Navy Commander Denies Chaining His ‘Servant Soldier’

A still image from a video sent to the media by Rear Adm. Benjaporn Bawornsuwan showing Pvt. Anek Thongvichit trying – and failing – to sing the national anthem.

BANGKOK — A retired Naval commander has denied chaining a soldier placed in his service to a tire and accused the conscript of bad and bizarre behavior in a lengthy letter sent to the media Saturday.

In his five-page letter, Rear Adm. Benjaporn Bawornsuwan denies chaining Pvt. Anek Thongvichit to a tire, as the young soldier alleged Thursday in administrative and criminal complaints, and fired back with a volley of accusations the private fabricated many details to cover up his own misbehavior.

“I have evidence in term of documents, places, alibi and communication devices that can clearly confirm [my story],” Benjaporn wrote in the letter provided to the media and Government Complaint Center. “They can be inspected to ascertain dates, times, and stories that I have mentioned above.

Benjaporn goes on to repudiate Anek’s claims, starting with why the soldier was assigned to his personal residence in western Bangkok to begin with.

Where Anek said he was ordered to be his personal servant, Benjaporn said he requested the paid post – his second there since July. He was never asked to do any carpentry work, as Anek alleged led to his punishment by chain.

It was on Thursday that Anek walked into the junta complaint center with a tire chained to his waist, saying he had escaped Benjaporn’s house after being left overnight with it tied there.

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Pvt. Anek Thongvichit walked into the military government complaint center on Thursday with this tire chained to his waist. He filed complaint against a retired Naval commander whose home he described escaping.

He asked for help removing it and proceeded to file a complaint of abuse against Benjaporn. Officials with the military government said he should have taken it to his commanding officer.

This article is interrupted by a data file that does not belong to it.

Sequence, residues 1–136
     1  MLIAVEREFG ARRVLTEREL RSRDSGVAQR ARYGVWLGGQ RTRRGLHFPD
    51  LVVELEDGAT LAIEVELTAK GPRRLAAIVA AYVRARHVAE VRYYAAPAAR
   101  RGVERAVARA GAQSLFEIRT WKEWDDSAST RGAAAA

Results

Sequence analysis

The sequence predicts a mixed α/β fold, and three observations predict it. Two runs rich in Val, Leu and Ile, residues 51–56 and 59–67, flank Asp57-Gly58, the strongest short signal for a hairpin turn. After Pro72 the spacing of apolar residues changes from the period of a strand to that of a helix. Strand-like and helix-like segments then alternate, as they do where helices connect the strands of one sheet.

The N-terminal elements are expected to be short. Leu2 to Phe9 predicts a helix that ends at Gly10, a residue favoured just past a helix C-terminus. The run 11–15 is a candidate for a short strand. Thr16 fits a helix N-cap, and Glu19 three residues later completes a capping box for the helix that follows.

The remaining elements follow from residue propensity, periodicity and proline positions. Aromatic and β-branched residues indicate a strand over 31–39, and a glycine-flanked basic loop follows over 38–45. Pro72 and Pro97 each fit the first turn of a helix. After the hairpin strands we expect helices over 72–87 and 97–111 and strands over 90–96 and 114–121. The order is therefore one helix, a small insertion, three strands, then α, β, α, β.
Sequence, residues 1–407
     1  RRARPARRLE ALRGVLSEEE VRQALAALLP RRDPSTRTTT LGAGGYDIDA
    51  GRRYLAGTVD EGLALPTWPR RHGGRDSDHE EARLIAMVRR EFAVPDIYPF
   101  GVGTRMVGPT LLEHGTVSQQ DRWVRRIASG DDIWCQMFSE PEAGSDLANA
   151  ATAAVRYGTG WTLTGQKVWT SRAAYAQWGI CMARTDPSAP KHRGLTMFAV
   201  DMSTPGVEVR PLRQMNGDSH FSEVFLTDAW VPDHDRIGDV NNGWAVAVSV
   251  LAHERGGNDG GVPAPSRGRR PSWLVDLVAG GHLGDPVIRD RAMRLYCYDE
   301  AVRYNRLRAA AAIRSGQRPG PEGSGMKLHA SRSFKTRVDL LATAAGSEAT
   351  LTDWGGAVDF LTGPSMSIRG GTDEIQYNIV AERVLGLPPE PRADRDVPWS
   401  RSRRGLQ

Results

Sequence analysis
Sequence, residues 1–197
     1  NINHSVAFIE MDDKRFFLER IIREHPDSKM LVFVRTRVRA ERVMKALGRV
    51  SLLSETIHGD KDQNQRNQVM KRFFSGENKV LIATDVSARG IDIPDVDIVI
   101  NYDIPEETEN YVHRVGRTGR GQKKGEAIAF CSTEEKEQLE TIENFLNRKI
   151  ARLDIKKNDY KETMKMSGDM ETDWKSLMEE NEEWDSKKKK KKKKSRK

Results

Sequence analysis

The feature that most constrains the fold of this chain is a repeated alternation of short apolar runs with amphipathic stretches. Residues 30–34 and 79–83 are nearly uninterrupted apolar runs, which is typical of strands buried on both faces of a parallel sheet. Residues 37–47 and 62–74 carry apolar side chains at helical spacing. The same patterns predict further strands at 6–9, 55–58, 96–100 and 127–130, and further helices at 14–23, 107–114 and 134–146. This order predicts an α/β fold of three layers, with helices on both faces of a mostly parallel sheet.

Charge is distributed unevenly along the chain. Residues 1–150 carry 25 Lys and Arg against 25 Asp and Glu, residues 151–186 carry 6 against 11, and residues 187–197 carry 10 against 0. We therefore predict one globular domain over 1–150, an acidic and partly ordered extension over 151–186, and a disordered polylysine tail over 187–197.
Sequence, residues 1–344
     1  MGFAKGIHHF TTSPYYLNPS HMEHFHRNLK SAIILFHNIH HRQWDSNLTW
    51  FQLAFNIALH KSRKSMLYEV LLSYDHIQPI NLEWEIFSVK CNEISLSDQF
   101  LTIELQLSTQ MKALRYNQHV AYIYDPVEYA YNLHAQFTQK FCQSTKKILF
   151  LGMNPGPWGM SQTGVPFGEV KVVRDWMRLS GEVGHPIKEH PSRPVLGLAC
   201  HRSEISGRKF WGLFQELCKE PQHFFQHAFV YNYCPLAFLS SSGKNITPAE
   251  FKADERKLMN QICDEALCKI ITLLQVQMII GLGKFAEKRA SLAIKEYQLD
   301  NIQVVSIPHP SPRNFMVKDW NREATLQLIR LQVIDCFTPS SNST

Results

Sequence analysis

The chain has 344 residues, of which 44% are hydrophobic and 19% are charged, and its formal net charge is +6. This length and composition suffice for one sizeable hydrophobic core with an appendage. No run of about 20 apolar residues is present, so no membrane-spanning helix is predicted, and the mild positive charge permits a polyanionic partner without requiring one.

In his letter dated Thursday, Benjaporn accused Anek of stealing his stuff and trying to bribe him to win his release from compulsory military service so he could return to working at a Japanese restaurant.

Perhaps most bizarrely, Benjaporn described an incident in which Anek exposed himself to the rear admiral’s wife.

He claims Anek stood masturbating beneath a tree watching his wife through her bedroom window. When challenged, he said Anek claimed to be urinating.

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Mrs. Retired Rear Adm. Benjaporn Bawornsuwan points toward the marked patch of earth where they allege Pvt. Anek was masturbating while watching her. Anek denies the claim.

Anek was disciplined, Benjaporn admitted, for his inability to sing the national anthem. Benjaporn said he tried teach the words to him, but Anek was reluctant to learn, so Benjaporn ordered him to run around the house "10 times."

While most of the claims and counter-claims cannot be verified, Benjaporn did say he can prove he was at at a golf course hotel several hours away from Bangkok in Prachuap Kiri Khan province on the night of the alleged tire-chaining. He didn’t return home until 10pm on Tuesday, he said.

“Therefore, the actions of Private Anek amounts to false accusation, perjury, and grave atrocity, which can be punished by both disciplinary and criminal actions, and which are intended to discredit the reputation of me and the Royal Thai Navy,” he wrote.

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Read Adm. Benjaporn also sent this photo showing tools within ready reach of where Pvt. Anek alleges he was chained to a tire inside Benjaporn's garage for being a terrible carpenter.

He also denied even having chains at his home.

Benjaporn met with police yesterday to give testimony on the assault and detention charges that Anek filed against him. He repeated the story in the letter. He speculated that several Navy commanders who harbor grudges against him may have encouraged Anek to file his complaints, telling reporters that other commanders abuse the system of “servant soldiers.”

“Having soldiers stationed at their masters’ homes like this is normal. And it’s widespread. Especially the rich people’s kids who couldn’t dodge the draft in time, they asked for help that way,” he said at a Nakhon Pathom police station. “They asked to be posted in commanders’ homes, but they aren’t really there. And the commanders get the money, 9,000 baht per month.”

Today Gen. Udomdet Sitabutr, commander of Royal Thai Army, defended the practice of sending soldiers to serve as personal servants.

“Right now, we don’t call them ‘servant soldiers’ anymore. This word doesn’t exist anymore. Right now we call them ‘service soldiers’ who have a duty to assist their commanders.”

He said the work conditions of servant soldiers are enviable.

“People who sign up for this work do so voluntarily. They want to have a living that is different to thee barracks and their friends,” he said. “Mostly, service soldiers will be well taken care of. Soldiers in some units even compete with each other to be service soldiers, because puuyai will take care of them. As for their duties, they are light, small things, not something that would frighten people.”

Udomdet declined to comment specifically on the Anek-Benjaporn incident. “I would not interfere with it. It’s up to that military branch to explain the case.”

The investigation by Nakhom Pathom investigators continues.

Related stories:

Shackled Soldier Told to Respect Chain of Command

 

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